If, like many people, you grew up eating over steamed, mushy cauliflower you may find the vegetable quite underwhelming. It may surprise you to hear that it’s becoming the new darling of the vegetable world. With it’s versatility and nutrition, many are calling cauliflower the new kale. So, what’s all the all they hype? Is it just good marketing or are we finally just giving cauliflower the attention it deserves?
As part cruciferous or brassica group of vegetables, cauliflower is related to broccoli, kale, Brussels sprouts, cabbage, collard greens and watercress among others. Although, most commonly seen in the white variety, cauliflower also comes in purple, green and orange. No matter the variety, only the head (also called the curd) is eaten while the leaves and tough stem are discarded.
Cauliflower packs a powerful nutritional punch providing vitamin C, potassium, folate, vitamin K and fiber. Like its cruciferous cousins, cauliflower contains a group of phytonutrients called glucosinolates. Glucosinolates are responsible for the distinctive sulfur-like smell associated with the brassicaceae family. Fortunately, these compounds do more than just create a pungent aroma. Studies show they have anti-cancer properties.
Selecting a Good Cauliflower
Although cauliflower will likely be available in your local supermarket all year round, they will typically be their best (and cheapest) while in season. Depending on the part of the world, fresh cauliflower will generally hit the shelves anywhere between June and August and be available through December. To select a good cauliflower, look for a creamy white colour with a firm texture and tightly compressed curds. Any attached leaves should be bright green and should extend to top of the head.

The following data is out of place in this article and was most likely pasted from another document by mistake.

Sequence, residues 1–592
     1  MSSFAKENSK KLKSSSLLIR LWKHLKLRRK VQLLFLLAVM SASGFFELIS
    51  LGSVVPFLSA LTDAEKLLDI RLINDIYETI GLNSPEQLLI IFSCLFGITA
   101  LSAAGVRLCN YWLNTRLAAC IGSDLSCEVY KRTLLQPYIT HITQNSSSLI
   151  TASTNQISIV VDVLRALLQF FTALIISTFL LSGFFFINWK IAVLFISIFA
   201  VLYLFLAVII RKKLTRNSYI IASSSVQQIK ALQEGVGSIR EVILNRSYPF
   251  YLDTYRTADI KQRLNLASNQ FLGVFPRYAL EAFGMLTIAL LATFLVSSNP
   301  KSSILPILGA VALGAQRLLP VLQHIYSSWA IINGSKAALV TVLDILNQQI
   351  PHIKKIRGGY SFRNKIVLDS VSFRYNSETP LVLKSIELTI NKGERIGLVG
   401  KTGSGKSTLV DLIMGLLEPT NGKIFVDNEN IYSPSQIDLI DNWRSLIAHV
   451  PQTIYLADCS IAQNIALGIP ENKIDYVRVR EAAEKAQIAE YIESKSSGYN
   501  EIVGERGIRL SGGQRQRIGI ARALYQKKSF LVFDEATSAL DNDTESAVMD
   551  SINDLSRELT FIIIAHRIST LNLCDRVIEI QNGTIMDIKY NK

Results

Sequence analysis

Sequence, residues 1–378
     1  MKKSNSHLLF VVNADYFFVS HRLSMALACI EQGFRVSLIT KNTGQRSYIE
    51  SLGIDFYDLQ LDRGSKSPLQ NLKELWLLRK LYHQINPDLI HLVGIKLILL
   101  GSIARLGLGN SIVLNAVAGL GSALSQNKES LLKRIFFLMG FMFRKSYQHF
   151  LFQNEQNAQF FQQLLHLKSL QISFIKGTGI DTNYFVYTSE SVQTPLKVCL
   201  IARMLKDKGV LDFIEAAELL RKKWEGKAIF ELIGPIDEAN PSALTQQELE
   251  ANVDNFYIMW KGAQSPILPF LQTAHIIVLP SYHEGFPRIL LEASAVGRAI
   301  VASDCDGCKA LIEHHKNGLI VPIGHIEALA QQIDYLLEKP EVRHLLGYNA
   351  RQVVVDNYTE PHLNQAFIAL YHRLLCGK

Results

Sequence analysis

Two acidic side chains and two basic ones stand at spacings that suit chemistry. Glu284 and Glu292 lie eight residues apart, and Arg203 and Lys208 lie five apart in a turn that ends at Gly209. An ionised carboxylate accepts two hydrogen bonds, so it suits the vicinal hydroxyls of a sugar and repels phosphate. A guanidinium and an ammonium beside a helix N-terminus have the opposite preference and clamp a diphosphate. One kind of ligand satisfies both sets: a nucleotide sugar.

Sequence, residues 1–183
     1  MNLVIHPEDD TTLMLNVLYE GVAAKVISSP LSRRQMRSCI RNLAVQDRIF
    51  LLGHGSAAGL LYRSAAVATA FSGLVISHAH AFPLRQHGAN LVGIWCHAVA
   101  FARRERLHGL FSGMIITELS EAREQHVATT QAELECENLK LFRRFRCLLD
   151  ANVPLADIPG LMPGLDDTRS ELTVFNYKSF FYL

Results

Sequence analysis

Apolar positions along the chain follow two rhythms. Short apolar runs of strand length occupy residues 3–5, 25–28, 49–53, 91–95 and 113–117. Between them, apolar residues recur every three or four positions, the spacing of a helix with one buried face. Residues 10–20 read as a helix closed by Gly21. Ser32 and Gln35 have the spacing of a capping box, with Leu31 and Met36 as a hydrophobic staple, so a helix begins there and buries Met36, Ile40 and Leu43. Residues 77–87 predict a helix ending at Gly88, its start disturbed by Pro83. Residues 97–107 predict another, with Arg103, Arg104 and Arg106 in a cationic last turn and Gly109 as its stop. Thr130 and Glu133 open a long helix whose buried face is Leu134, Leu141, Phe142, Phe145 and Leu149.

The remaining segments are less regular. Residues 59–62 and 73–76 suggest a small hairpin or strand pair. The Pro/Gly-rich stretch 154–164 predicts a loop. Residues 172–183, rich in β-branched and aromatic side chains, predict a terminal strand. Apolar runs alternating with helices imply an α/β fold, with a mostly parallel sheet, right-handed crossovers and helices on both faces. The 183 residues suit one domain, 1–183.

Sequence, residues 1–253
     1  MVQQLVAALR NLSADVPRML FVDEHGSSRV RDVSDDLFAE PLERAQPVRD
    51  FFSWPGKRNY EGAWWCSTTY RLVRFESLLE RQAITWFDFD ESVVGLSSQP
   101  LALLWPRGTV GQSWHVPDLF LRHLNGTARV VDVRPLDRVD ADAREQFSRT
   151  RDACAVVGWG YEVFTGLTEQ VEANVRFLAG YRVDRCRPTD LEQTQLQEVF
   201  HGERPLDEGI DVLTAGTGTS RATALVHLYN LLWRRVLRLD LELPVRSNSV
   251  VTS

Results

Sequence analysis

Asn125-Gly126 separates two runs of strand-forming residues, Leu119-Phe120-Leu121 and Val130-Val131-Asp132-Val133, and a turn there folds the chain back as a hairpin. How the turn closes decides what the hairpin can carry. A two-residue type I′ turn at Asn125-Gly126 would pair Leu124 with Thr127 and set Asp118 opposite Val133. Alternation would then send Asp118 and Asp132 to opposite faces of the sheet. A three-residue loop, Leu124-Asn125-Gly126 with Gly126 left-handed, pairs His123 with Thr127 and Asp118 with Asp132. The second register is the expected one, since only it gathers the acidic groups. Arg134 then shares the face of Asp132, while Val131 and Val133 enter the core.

Store unwashed, in a plastic bag or vegetable crisper with the stem facing upwards. Fresh cauliflower can last up to 2 weeks in the fridge. Cauliflower can also be frozen and will keep well for 9-12 months if blanched and sealed in an airtight plastic bag.
Preparation and Cooking
Peel cauliflower leaves, and remove stem. Cut the cauliflower head into smaller white florets and wash well under running water. At this point, the cauliflower can be eaten raw or cooked.
Nutritionally, cauliflower shares many similarities with the other cruciferous vegetables, however, with respect to versatility, one could argue that cauliflower is way more versatile. Here are just some of the ways cauliflower can be used:
- The simplest way to cook cauliflower is steaming it lightly. It’s best to avoid boiling as many of the water soluble nutrients and the cancer-fighting glycosinolates are lost.
- Indulge in some oven roasted cauliflower.
- Enjoy on a steaming hot bowl of cauliflower soup either as a chunky form or blended to create a thicker, cream-like texture.
- Create a kick-ass vegetarian curry that will satisfy even the pickiest carnivore.
- Mash it to substitute for mashed potatoes.
- Use a food processor to make cauliflower rice, fried rice or risotto.
- Make crispy, gluten-free pizza crust or “breadsticks".
- Snack on a healthy cauliflower dip.
- Enjoy it for breakfast as part of super nutritious cauliflower pancakes.
- Savour fresh grilled cauliflower steaks.
- Devour some cauliflower buffalo "wings".
If you haven’t already, maybe it is time to embrace cauliflower’s newfound popularity. It's unknown whether or not the spike in popularity of this humble vegetable is due to great marketing. Nonetheless, cauliflower is a great addition to your vegetable repertoire both with respect to its nutrition and versatility.